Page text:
A woman's lifetime probability of developing breast cancer is approximately 1 in 8,[9] while it is 1 in 75 for ovarian cancer.[10] However, the risk of developing breast/ovarian cancers in BRCA 1/2 mutation carriers is higher. A pooled analysis of pedigree data of 8,139 index cases from 22 studies, unselected for family history, showed that the estimated cumulative lifetime risk of developing breast cancer (by age 70 years) due to germline mutations in BRCA1 and BRCA2 was 65% and 45%, respectively, and the risk of developing ovarian cancer was 39% and 11%, respectively.[11] The cumulative risk of breast cancer in males (at age 70 years) for BRCA 1 and BRCA2 mutation carriers is estimated to be 1.2% and 3.8%, respectively.[12] In men with BRCA 2 mutation, there is a three-fold higher risk of prostate cancer compared with the general population.[12] It has been demonstrated that the risk of developing breast/ovarian cancer may be significantly reduced if the BRCA 1/2 pathogenic sequence variant carriers are identified and offered regular surveillance and/or prophylactic mastectomy/salpingo-oophorectomy.[13]

Though important, the identification of at-risk individuals is associated with several challenges. In most developed countries, individuals at a high risk of developing breast or ovarian cancer undergo genetic counseling (GC) prior to BRCA mutation testing. GC plays an important role in selecting individuals suitable for genetic testing by accurately constructing their family pedigree along with obtaining relevant medical histories. However, GC and genetic testing have still not been mainstreamed into cancer management programs in many countries, including India. Also, though family-history-associated breast cancer is common, BRCA mutations are rare with an estimated occurrence of only 3.4%–15.5% even in high-risk families.[14] Wide variations observed in the frequency and spectrum of these mutations across geographies and ethnicities preclude the development of robust predictive models that can assess the pretest probability of identifying a BRCA1/2 mutation.[15] In India, for example, due to a dearth of high-quality BRCA1/2 mutation screening and geographic differences in test prices, the reported prevalence of these mutations varies from as low as 2.9% to as high as 38% among families with genetic predisposition toward hereditary cancers.[2],[16]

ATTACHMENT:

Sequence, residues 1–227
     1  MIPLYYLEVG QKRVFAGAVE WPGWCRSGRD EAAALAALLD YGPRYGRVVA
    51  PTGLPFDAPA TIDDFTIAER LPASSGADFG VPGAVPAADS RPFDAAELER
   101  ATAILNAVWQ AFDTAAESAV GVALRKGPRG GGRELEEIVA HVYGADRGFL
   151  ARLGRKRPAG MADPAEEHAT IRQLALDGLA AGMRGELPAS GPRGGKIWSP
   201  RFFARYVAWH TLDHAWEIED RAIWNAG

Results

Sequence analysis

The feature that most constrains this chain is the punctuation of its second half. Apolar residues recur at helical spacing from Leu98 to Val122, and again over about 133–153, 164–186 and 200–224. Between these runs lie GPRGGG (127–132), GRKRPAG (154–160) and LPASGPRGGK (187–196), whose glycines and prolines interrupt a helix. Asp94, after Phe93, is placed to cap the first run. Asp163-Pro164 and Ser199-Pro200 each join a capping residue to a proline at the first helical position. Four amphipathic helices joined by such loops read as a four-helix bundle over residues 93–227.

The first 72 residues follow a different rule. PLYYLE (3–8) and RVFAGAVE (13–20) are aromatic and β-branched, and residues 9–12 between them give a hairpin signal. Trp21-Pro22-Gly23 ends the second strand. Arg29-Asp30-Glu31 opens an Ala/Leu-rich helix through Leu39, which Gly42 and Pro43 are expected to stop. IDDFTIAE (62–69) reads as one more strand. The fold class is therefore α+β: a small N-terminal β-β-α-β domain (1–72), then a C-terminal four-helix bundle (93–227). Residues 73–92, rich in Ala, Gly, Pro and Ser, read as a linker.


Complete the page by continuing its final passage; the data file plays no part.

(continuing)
GC has been associated with improved adherence to cancer risk management strategies and lower patient distress levels, better informed surgical decision-making, high patient satisfaction, and cost savings.[17] However, in India counseling is usually provided by an oncologist who may not have the time or expertise to provide the level of GC needed to enable and empower patients to choose the type of testing for their families that they are comfortable with. When available, referral to genetic counselors is an important component of cancer care for individuals with a personal or family history of cancer characteristic of hereditary cancer syndromes.[18]

Most Asian countries currently lack the requisite number of trained genetic counselors.[17],[19],[20] In India, clinical GC for hereditary cancers is at a very nascent stage, with the availability of only a handful of cancer genetic clinics.[15] While in several Asian countries the profession of GC is still developing, in developed countries, the growing demand for genetic testing has surpassed the number of genetic counselors available, emphasizing the need for novel modes of delivering GC.[21],[22] Given the current challenges associated with GC, healthcare providers are incorporating collaborative models for GC that require training of non-GC specialists and use the services of multidisciplinary teams to mainstream GC into routine care.[23]

The aim of this review is to discuss the need and benefits of GC in breast cancer prevention, through BRCA testing, from an Indian perspective. It will highlight ethical considerations, framework of pre- and post-BRCA test GC, role of genetic counselors in preventive oncology, and multidisciplinary team approach to mainstream GC, highlighting the importance of GC training for medical oncologists and developing GC models with a focus on the importance of remote telephonic GC especially for rural areas/regions.


 » BRCA Testing and Its Implications Top


It needs to be noted that identification of BRCA mutation carries a lot of implications which impact the patient and the unaffected family members. Identification of BRCA 1/2 pathogenic variants also has therapeutic implication, which can impact patient outcomes. Poly (adenosine diphosphate-ribose) polymerase (PARP) inhibitors (PARPi) such as olaparib, niraparib, and rucaprib have been shown to specifically target BRCA 1/2 mutant cells. In the phase III OlympiAD study, women with BRCA-mutation-associated metastatic breast cancer who received olaparib showed a 42% reduction in risk of progression or death compared with patients who received chemotherapy.[24] The approval of PARPi for treatment of relapsed/refractory breast and ovarian cancers has led to a paradigm shift in treating these patients by harnessing their germline BRCA mutations.[25],[26],[27],[28],[29],[30] For ovarian cancers, BRCA testing is now being done at an earlier stage in patient care because the presence of pathogenic BRCA variants has started influencing ovarian cancer treatment decisions.[13] Hence, new GC approaches may be required to meet this shift in BRCA testing.[13]